Science and theology in the fourteenth century: The subalternate sciences in oxford commentaries on the sentences
David Bourget (Western Ontario)
David Chalmers (ANU, NYU)
Rafael De Clercq
Jack Alan Reynolds
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Synthese 83 (2):273 - 292 (1990)
Both Pierre Duhem and his successors emphasized that medieval scholastics created a science of mechanics by bringing both observation and mathematical techniques to bear on natural effects. Recent research into medieval and early modern science has suggested that Aristotle's subalternate sciences also were used in this program, although the degree to which the theory of subalternation had been modified is still not entirely clear. This paper focuses on the English tradition of subalternation between 1310 and 1350, and concludes with a discussion of the theory advanced by Thomas Claxton early in the fifteenth century.
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References found in this work BETA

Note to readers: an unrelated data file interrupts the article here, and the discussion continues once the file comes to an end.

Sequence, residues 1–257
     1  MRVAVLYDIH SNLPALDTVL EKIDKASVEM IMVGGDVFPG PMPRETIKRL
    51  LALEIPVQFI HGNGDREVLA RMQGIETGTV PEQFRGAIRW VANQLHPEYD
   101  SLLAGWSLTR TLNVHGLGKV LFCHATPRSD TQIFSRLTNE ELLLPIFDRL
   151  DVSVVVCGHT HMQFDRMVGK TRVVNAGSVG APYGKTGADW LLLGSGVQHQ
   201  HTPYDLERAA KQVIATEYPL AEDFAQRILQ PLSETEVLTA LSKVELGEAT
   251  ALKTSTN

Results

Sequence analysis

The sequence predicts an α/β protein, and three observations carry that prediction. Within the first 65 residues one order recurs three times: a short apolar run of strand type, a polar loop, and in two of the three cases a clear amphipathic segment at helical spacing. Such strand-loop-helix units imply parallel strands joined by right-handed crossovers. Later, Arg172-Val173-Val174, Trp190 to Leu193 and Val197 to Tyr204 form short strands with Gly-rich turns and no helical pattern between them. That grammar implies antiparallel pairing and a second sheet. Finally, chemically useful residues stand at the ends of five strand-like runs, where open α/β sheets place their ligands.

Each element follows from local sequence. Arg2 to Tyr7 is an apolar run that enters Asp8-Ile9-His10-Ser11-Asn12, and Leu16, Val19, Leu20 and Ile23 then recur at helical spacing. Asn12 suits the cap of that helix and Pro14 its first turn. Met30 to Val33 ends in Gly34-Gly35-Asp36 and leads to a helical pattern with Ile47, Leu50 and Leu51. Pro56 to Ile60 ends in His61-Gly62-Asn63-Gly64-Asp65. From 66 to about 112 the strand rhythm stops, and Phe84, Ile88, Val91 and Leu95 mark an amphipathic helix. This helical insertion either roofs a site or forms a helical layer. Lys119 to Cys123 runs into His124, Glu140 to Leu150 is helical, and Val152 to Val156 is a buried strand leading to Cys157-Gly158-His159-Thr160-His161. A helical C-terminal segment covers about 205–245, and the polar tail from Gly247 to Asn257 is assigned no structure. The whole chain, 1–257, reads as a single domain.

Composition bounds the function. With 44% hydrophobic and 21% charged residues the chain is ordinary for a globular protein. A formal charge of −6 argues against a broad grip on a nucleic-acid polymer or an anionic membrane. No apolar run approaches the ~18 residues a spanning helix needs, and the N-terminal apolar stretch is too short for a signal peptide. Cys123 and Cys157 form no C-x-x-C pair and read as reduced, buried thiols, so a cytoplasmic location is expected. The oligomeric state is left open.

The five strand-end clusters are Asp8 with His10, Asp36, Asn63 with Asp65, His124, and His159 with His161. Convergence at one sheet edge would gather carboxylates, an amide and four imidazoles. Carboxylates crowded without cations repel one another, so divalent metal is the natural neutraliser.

Joachim D'Souza (1973). William of Alnwick and the Problem of Faith and Reason: Excerptum E Dissertatione Ad Lauream. [S.N.].
Pierre Duhem (1987). An Account of the Scientific Titles and Works of Pierre Duhem. Science in Context 1 (2).
Girard J. Etzkorn (1987). Codex Merton 284: Evidence of Ockham's Early Influence in Oxford. In Anne Hudson & Michael Wilks (eds.), From Ockham to Wyclif. Published for the Ecclesiastical History Society by B. Blackwell. 31--42.
L. A. Kennedy (1986). Robert Graystanes Commentary on the Sentences. Recherches de Theologie Et Philosophie Medievales 53:185-189.
Steven J. Livesey (1987). On Pierre Duhem. Science in Context 1 (2).
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